Where several different goals compete, optimization models can help to find a balance. A highly successful example is the IIASA air pollution model, originally known as the Regional Air Pollution Information and Simulation Model (RAINS). In the 1990s, RAINS helped to guide Europe’s policy on six pollutants, including particulates and sulphur dioxide (the chief cause of acid rain), calculating costs and health effects of various policies. RAINS results in Europe and India have shown the power of cooperative action on air pollution, which is much more effective than efforts by any single state, and therefore more politically attractive. Now extended to include greenhouse gases, the Greenhouse Gas and Air Pollution Interactions and Synergies (GAINS) Model reveals how clean-air policies can have co-benefits, improving the health of people and ecosystems while also curbing climate change. 

The mathematics behind these models is constantly being developed to deal with new situations and complexities. New sources of data, such as crowdsourcing and novel sensors, are feeding in, and models in different areas are being linked together, to reflect real-world links between systems such as climate and the biosphere. 


The aim of all this analysis is to steer systems in the right direction. But what is the right direction? Right for whom? On top of that, the shape of social systems is constantly changing, making them hard to navigate.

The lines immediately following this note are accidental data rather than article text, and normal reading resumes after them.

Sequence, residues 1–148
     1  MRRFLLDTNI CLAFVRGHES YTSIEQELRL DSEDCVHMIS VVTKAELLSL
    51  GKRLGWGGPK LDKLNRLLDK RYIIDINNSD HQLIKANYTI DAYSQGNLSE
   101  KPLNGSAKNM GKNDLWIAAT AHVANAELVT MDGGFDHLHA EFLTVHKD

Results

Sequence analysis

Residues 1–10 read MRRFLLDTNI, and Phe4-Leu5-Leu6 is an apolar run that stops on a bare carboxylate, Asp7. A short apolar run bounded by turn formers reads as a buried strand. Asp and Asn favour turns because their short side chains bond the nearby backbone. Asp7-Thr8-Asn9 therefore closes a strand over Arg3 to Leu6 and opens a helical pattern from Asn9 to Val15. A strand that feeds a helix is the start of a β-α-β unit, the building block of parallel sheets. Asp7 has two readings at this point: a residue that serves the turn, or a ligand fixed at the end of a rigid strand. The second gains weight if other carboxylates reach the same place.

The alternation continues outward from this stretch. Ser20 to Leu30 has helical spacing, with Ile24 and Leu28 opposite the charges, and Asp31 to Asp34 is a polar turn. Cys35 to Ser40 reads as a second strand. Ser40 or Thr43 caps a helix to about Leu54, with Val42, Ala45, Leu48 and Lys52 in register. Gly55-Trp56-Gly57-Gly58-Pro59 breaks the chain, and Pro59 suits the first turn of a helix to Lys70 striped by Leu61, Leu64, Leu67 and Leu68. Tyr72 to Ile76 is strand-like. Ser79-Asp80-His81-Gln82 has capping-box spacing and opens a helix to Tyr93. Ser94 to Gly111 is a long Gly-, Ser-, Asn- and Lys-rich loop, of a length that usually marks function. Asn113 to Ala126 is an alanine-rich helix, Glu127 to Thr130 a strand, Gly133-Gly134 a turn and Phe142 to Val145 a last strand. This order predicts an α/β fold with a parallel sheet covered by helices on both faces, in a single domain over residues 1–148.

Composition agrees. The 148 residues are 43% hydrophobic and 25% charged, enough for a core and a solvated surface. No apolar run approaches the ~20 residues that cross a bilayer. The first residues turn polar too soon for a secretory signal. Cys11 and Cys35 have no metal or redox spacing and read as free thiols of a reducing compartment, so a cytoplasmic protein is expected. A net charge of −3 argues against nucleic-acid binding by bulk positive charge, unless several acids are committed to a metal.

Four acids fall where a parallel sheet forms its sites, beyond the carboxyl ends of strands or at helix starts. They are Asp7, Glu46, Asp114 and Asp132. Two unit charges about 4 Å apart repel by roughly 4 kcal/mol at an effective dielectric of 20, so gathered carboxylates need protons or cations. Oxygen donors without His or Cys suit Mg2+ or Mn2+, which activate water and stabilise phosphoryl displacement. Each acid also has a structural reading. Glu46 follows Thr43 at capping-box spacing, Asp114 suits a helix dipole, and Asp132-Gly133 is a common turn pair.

To provide both a moral compass and societal map, systems analysis takes a human-centered approach, engaging with diverse viewpoints.

The soft systems methodology provides one way to do this. It is a formal process with several stages, but the essence is to bring people together to sketch out a system, identify goals and possible actions, and then model the system to find out what each action would do. That may involve a causal loop diagram, laying out how the system’s components are connected to reveal critical feedbacks. The whole process is often iterative, with one round of analysis producing insights to inform the next round. 

Sometimes this can lead to a consensus that satisfies everyone. It can help solutions to stick, because people that have participated in a process are much more likely to trust its outcomes and support action.

Other times, people are implacably opposed, but even then, developments in systems analysis are making progress possible. By acknowledging that even diametrically opposed worldviews can be equally valid, it can turn a stalemate into a compromise. In Nocera Inferiore in Southern Italy, conflicting views on how to deal with the risk of landslides had stymied any action. One group favored natural solutions such as tree planting; the other favored artificial barriers. From 2010 to 2013, IIASA led a participatory process with experts and participants working together to generate solutions for each opposing view, rather than imposing an expert-preferred solution. The groups eventually negotiated a mixed approach.

So systems analysis is an infinitely adaptable multi-tool, transforming to fit the particular complexity of each subject. It can shift perspectives: embracing different physical systems, disciplines, scales, and viewpoints – giving it a unique ability to grapple with the fiendishly difficult problems posed by today’s fast-changing and increasingly interconnected world. 

By Stephen Battersby